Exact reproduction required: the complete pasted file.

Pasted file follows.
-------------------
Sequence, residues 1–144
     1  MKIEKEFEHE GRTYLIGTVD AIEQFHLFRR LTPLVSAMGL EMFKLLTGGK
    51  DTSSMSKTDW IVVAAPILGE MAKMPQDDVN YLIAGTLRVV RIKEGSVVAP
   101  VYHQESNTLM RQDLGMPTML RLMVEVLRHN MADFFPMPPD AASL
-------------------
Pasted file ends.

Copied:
Sequence, residues 1–144
     1  MKIEKEFEHE GRTYLIGTVD AIEQFHLFRR LTPLVSAMGL EMFKLLTGGK
    51  DTSSMSKTDW IVVAAPILGE MAKMPQDDVN YLIAGTLRVV RIKEGSVVAP
   101  VYHQESNTLM RQDLGMPTML RLMVEVLRHN MADFFPMPPD AASL